GlassFish Security book FAQ 1: Custom Security Realm in GlassFish
I decided to write down the answer for some questions which my book's readers email me or ask me via twitter in my weblog so everyone can benefit from the answers. Here is the answer to the first question which involves custom security realms.
GlassFish supports 5 types of security realms out of the box which are sd follow:
- File Realm: Usefull for development and testing purposes. GlassFish provids a user/ group management interface for this realm. We can add user and groups using the administration console. When using this realm all usernames, passwords and groups are stored in a plain text file.
- JDBC Realm: In production environment we store user information including but not limited to username, passwords and groups in an RDBMS and then configure a JDBC realm to authenticate the given credentials againts the information stored in the datase.
- LDAP Realm: Sometimes we have all user details stored in an LDAP like Active Directory or Redhat Directory Server, OpenDS or Sun Java System Directory Server Enterprise Edition.
- Solaris Realm: This realm is used to authenticate users with a Solaris user directory.
- Certificate Realm: The certificate realm allows us to conduct mutual SSL authentication based on the client certificates.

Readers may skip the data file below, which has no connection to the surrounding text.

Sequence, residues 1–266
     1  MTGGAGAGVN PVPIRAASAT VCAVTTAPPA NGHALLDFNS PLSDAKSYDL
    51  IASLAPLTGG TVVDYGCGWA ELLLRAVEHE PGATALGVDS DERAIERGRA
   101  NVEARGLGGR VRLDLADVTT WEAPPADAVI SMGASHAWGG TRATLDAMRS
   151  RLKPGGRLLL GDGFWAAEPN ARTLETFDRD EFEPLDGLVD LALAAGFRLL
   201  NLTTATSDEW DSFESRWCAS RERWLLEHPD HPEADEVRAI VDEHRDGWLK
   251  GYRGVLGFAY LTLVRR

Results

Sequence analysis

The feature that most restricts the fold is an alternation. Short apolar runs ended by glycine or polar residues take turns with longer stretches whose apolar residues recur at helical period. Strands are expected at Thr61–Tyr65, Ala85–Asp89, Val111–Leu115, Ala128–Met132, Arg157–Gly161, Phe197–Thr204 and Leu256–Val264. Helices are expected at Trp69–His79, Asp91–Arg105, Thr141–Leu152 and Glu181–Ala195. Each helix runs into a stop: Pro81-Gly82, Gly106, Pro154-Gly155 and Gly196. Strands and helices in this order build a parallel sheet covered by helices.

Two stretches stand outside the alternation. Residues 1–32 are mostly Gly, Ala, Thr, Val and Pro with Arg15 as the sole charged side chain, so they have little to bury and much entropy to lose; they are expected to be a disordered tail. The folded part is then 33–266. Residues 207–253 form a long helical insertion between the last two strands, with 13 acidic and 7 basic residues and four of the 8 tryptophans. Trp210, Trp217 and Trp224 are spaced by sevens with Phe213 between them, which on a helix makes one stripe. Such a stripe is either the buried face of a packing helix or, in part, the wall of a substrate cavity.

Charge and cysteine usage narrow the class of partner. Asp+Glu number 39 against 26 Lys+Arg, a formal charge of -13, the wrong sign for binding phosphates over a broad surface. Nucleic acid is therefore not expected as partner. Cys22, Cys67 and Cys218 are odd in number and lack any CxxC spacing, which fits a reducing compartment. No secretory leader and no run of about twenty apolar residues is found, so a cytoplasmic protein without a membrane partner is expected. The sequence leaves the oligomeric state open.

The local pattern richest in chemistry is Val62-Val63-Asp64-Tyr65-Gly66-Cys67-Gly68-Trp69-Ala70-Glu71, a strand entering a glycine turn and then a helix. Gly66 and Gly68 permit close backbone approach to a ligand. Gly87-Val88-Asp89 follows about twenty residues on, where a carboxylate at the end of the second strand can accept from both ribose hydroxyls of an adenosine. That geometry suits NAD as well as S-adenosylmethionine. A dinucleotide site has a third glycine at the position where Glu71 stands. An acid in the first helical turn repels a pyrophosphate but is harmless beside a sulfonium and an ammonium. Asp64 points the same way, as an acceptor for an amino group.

Sometimes our users information is stored in a silo different than all of this mentioned storages and we need to use that source for authentication and access control. For example assume that we have our users information including username, passwords and group membership stored in an Object Database and we need to authenticate our enterprise application's users with that storage. In such times we should either think about having a synchronized RDMBS keeping update user information and use JDBC realm for authentication and authorization or we should develop a custom security realm which uses the object database as a source for authentication.
Setting up synchronization between the e.g object database and RDBS can be tricky while developing a custom authentication realm is much easier using GlassFish provided SPIs.
Second chapter of GlassFish security book discusses GlassFish security realms in details and discuss a sample application which uses these realms for authenticating and authorizing users. In the same chapter, developing custom security realms is discussed along with developing a sample realm.
In the same chapter GlassFish support for JSR-196 (Java Authentication Service Provider Interface for Containers) is discussed to complete the ring of authentication and authorization in Java EE in general and GlassFish application server in particular.